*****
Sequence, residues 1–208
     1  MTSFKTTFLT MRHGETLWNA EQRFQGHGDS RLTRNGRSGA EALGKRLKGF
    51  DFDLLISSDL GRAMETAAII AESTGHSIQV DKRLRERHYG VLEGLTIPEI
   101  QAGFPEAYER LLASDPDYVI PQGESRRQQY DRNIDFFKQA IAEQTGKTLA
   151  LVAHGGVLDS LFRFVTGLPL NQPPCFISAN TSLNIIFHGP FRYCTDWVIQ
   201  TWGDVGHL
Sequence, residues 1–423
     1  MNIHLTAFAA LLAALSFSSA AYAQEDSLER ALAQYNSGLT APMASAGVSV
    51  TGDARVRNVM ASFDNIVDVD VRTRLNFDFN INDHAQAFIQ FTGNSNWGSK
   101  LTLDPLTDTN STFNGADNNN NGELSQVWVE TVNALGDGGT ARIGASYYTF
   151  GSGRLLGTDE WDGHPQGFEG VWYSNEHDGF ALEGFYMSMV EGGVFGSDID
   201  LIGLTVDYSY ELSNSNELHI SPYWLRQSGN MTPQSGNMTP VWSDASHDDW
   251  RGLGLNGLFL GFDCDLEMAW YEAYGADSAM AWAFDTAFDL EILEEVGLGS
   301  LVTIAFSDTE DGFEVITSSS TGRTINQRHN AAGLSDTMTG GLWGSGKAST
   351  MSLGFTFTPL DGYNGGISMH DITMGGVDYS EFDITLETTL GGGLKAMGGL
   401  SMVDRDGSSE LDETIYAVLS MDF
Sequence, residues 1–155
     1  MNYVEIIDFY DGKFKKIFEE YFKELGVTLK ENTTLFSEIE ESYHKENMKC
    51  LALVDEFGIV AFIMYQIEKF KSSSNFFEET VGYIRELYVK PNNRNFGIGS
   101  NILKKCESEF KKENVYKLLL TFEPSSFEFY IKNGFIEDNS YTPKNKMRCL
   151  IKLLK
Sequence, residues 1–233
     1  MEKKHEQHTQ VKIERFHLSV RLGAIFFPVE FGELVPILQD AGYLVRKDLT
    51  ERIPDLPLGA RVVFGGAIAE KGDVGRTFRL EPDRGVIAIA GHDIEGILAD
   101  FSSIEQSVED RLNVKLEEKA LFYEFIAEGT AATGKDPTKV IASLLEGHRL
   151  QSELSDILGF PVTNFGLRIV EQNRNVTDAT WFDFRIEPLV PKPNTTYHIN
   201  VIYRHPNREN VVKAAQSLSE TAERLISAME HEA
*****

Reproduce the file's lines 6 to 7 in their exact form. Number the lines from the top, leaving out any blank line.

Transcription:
   201  TWGDVGHL
Sequence, residues 1–423